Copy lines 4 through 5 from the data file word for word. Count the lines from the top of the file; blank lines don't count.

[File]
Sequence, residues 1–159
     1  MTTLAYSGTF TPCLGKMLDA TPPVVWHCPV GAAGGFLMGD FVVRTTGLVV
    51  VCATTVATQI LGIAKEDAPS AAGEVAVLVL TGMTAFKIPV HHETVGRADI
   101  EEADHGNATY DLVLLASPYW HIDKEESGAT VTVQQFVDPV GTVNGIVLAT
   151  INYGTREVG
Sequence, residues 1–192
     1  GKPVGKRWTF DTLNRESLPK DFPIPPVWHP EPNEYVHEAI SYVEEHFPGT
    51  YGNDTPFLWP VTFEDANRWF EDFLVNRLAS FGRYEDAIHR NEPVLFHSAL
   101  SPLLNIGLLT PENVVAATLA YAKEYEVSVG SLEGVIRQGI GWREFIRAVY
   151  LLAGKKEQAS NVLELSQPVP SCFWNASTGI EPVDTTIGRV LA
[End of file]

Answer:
   101  EEADHGNATY DLVLLASPYW HIDKEESGAT VTVQQFVDPV GTVNGIVLAT
   151  INYGTREVG